An old guy once told me it only takes winning a second race. The first victory may be sheer luck, or based on others’ mistakes, but it’s the second one which tells you that you might be one of the big guys, and that second win will have you hooked, ever dreaming of being better, faster, more precise, bolder and more determined.

Indeed, that second victory may be the very moment you become an addict, and it’s not about adrenaline or other things people who know nothing about any sort of competition are often mentioning. It’s the addiction to becoming better and if possible - the best. In motorsport, this usually translates to being the fastest, and unfortunately, with speed comes danger. Are racers speed junkies? I guess this term does not do them justice, as they’re out on the streets or tracks for being the best, not for riding or driving fast.

Can someone blame them? I’d say that they children and wives/ husbands are the only ones who could do so, but I strongly know they don’t. When someone marries a road racer, she or he knows that the darkest day may come. There are so many retired racers with impressive careers out there, so it’s not always the thing which has to put an end to racing, even though the odds of one day drawing the shortest straw are huge.

To me it sounds like a total lack of fair play blaming the fallen. Yes, we all hope THAT day never comes, but with each passing dawn and sundown, we should be able to enjoy having spent yet one more day near the person we love. The day it will be taken from us will be truly a dark one; but even then, there’s still a silver lining in knowing that the departed lived and died as he or she wanted.

Racing was never easy, and living with racers was never easy, as well, but from the moment you decided to support your husband, wife, son, daughter, niece or nephew as a racer, you’re already sharing his or her fears, victory and defeats. They’re not doing this because they are forced to, they’re doing this because they chose to live their lives as they want, accepting the risks which come with this. They need you around just as much as you need them around, but if their number comes out, you should know that there was nothing else you could have done besides supporting them down to the last breath.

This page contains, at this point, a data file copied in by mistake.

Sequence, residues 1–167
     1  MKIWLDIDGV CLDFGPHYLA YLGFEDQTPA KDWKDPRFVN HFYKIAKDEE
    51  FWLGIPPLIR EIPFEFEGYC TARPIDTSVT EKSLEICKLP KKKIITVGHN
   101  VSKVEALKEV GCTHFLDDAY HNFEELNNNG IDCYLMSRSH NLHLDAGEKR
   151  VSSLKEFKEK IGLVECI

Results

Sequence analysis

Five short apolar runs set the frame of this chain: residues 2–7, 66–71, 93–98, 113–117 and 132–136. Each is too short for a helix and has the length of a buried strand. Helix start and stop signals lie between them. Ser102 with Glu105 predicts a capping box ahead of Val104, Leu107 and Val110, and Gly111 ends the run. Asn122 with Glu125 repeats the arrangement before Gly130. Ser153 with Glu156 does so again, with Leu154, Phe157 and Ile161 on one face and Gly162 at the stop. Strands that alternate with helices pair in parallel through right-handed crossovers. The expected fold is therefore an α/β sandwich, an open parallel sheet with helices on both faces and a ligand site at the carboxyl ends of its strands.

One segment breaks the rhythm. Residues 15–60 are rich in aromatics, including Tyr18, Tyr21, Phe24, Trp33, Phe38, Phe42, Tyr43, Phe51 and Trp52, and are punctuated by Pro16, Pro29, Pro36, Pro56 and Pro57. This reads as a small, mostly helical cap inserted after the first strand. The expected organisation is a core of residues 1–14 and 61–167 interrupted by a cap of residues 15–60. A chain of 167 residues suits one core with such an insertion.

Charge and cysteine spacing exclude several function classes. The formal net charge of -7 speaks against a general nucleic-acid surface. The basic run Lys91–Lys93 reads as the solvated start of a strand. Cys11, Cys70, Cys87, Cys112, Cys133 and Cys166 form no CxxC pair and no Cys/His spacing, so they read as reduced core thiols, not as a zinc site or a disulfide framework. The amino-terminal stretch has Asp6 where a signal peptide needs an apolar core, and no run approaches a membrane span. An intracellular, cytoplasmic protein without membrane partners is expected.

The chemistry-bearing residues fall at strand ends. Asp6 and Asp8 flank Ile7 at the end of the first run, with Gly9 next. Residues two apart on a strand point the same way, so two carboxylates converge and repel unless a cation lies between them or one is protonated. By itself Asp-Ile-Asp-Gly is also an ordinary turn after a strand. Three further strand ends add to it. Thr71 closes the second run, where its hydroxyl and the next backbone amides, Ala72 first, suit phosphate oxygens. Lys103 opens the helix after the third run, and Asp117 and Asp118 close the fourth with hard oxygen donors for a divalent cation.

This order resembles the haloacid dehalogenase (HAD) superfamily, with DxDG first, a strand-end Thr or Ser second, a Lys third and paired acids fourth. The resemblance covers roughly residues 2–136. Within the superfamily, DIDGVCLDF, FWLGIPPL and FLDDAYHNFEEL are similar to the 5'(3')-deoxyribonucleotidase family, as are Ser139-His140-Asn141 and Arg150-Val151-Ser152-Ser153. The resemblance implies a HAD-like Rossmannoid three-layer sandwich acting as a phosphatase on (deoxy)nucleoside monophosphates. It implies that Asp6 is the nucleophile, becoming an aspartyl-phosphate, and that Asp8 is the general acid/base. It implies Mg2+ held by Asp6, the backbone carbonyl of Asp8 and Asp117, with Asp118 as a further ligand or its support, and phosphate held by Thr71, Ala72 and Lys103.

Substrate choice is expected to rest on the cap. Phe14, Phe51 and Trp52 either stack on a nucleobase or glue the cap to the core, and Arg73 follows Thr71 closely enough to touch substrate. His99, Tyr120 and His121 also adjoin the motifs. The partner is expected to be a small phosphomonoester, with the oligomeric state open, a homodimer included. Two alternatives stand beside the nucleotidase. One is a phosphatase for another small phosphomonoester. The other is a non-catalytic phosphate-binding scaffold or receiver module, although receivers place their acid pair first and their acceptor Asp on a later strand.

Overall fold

This editorial sends out a strong heartening message to all those who have lost a racing parent, child, friend, brother, sister or idol. By honoring the memory of your fallen road heroes, you’re proving true to both yourselves and those you loved so much; with you, there’s a huge crowd of guys who will do the same, generation after generation. You’re not alone in your plight and even more, you should know you’ve made a tough choice which sets you apart from the rest of the world: that of living with a racer.

There’s still massive action in the Senior TT in the Isle of Man these days, and I hope no more sullen, mourning tears will flow; this year’s already had enough of them.